Spruce vs Mahogany as an Acoustic Guitar Wood

The tone of an acoustic guitar is mainly influenced by the tone woods used on the back, sides and top of the body. Two common tone woods include spruce and mahogany, and they both look and sound quite different from one another. In this article, I’ll directly compare spruce and mahogany acoustic guitars to help you decide which you prefer.

The Quick Answer

Mahogany acoustic guitars sound warmer and smoother with more mid-range and bass response compared to spruce top guitars. Spruce guitars sound louder and have more treble emphasis making them popular for strumming whilst mahogany guitars are often selected for fingerpicking.

Emphasis on the mid-range and bassEmphasis on the treble frequencies
Warmer and fuller soundingBrighter and thinner sounding
Less volumeMore volume
Darker appearanceLighter appearance
Popular amongst fingerpickersPopular amongst strummers
Used on the top, back and sidesUse primarily on the top
Spruce vs mahogany acoustic guitars

Mahogany as a Tone Wood

Mahogany is a very popular tone wood and is used on many acoustic guitars. Mahogany can either be used on the back and sides of the guitar, or on the top as well. However, it is much more common to see a guitar with a mahogany back and sides and another wood on top, than it is to see a guitar with a mahogany top and a different wood on the back and sides.

It is well known for it’s warm and smooth tone which is well suited to fingerpicking as it is not quite as loud as some other tone woods including spruce. It terms of its appearance, mahogany is a dark wood with a distinct grain.


  • Unique dark appearance
  • Warm and smooth tone is good for fingerpicking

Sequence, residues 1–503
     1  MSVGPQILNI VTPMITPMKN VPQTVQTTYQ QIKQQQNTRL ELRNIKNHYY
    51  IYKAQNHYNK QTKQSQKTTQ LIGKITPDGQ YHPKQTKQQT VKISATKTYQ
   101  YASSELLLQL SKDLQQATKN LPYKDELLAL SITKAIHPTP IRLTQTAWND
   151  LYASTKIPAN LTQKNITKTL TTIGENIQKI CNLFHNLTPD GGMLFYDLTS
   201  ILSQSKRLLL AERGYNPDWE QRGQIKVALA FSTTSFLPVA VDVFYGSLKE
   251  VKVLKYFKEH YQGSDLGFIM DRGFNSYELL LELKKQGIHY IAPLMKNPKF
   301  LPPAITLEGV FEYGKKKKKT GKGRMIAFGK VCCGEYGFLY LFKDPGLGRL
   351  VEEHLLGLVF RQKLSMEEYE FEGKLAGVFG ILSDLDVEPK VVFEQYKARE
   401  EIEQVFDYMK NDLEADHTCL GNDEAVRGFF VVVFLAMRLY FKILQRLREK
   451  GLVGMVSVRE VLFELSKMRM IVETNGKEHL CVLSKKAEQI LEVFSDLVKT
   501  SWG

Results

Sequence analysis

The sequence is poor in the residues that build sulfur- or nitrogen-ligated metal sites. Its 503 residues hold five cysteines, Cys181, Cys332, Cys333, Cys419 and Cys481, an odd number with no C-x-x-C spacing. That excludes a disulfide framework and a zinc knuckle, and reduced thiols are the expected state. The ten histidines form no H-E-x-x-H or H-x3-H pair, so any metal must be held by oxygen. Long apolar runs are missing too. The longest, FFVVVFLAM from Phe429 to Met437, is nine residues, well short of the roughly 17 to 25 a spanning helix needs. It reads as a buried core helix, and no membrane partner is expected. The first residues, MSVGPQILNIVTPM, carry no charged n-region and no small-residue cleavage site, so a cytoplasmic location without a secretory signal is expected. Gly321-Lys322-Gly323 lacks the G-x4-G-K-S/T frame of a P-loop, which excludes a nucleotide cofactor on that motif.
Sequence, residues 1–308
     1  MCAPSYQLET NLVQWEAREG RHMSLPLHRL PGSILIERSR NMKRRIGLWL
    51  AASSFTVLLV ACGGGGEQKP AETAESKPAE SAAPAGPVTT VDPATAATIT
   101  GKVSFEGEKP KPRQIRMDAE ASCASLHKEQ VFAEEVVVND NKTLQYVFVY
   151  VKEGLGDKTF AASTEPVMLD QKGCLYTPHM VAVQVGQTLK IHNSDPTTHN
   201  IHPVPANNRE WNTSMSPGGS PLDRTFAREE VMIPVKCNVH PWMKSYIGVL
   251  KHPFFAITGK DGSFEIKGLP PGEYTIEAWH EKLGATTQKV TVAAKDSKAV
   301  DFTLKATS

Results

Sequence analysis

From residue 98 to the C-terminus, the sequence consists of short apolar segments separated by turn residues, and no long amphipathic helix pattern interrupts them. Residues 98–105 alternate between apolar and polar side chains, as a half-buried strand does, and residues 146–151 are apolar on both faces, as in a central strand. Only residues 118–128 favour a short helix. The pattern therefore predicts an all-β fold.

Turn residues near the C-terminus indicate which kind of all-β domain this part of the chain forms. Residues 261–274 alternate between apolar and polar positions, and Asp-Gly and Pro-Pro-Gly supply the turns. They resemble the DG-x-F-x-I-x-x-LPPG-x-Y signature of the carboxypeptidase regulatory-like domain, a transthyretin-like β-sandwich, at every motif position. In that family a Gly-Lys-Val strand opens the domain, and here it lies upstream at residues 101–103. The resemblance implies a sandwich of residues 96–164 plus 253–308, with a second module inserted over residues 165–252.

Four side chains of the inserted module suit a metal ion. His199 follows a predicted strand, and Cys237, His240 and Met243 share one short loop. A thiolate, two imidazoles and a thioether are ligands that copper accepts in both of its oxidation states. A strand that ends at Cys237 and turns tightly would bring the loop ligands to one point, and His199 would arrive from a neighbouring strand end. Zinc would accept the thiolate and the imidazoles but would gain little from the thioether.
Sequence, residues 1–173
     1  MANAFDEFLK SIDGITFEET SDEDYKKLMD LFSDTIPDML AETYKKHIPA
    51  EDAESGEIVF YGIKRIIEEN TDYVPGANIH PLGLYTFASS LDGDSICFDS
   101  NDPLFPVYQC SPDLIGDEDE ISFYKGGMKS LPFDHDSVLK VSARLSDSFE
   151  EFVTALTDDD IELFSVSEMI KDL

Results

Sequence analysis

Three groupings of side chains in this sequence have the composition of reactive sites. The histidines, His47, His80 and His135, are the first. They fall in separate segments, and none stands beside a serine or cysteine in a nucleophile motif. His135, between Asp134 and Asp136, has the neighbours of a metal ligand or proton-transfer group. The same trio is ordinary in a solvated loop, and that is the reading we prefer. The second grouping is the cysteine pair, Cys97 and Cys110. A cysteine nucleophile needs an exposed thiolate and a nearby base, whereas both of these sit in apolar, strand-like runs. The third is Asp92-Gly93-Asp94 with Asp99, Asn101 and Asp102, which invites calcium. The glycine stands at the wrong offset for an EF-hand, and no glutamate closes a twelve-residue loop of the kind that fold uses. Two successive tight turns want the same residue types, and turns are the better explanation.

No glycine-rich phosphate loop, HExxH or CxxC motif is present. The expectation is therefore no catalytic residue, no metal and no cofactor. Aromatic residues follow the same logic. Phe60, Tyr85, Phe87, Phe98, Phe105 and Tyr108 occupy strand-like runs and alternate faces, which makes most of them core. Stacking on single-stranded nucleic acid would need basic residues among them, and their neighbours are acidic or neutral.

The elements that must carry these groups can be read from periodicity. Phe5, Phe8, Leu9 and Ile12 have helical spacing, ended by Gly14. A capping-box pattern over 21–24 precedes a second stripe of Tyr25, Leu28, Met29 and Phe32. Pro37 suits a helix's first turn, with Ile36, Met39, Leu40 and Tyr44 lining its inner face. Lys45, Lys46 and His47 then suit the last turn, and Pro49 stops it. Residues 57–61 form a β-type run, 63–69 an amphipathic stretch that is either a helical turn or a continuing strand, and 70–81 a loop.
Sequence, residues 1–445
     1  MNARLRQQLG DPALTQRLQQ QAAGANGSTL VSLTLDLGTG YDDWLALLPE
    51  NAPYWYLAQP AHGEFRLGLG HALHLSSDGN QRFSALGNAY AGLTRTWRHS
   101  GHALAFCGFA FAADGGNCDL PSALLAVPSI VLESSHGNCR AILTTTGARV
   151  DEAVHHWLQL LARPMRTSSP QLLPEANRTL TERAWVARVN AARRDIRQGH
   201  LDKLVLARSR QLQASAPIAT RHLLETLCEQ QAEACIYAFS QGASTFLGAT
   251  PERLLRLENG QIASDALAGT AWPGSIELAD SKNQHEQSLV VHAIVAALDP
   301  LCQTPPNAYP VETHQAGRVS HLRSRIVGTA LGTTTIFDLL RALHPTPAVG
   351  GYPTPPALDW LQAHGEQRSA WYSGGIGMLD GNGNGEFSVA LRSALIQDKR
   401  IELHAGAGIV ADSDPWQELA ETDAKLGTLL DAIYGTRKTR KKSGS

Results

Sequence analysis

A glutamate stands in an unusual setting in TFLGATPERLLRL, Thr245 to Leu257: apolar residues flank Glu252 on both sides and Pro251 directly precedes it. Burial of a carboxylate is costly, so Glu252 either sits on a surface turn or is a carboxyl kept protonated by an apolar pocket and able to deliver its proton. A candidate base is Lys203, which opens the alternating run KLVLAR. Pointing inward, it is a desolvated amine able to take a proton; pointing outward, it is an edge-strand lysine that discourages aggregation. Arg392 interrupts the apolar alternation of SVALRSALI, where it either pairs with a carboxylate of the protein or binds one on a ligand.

• Not very loud so often less popular amongst strummers
  • More emphasis on the bass and mids compared to the treble resulting in some loss of clarity
Mahogany acoustic guitar

Spruce as a Tone Wood

Unlike mahogany, spruce is typically only used on the top of the acoustic guitar. Spruce is the most common type of acoustic guitar top wood and is often paired with either rosewood, mahogany or sapele on the back and sides of the instrument.

Spruce top guitars have a bright and chimey tone due to the extra emphasis placed on the treble frequencies compared to the mids. This makes them sound more “scooped” in comparison to other tone woods such as mahogany. Spruce is a good wood for volume, making it popular amongst strummers who want to use a louder guitar.

Most spruce top guitars have a light appearance, but you can get some darker variants such as red spruce.


  • Spruce top guitars look the most “classic”
  • Produces plenty of volume for strummers


  • Can sound a bit loud and “in your face” for some music styles and fingerpicking
  • Lack of mid-range means it may sound thin in some circumstances
Spruce top acoustic guitar

Tone Comparison

Mahogany guitars sound smoother and warmer compared to spruce top guitars which sound brighter and more crisp. This is because mahogany produces more bass and mid-range emphasis compared to spruce which has more treble emphasis.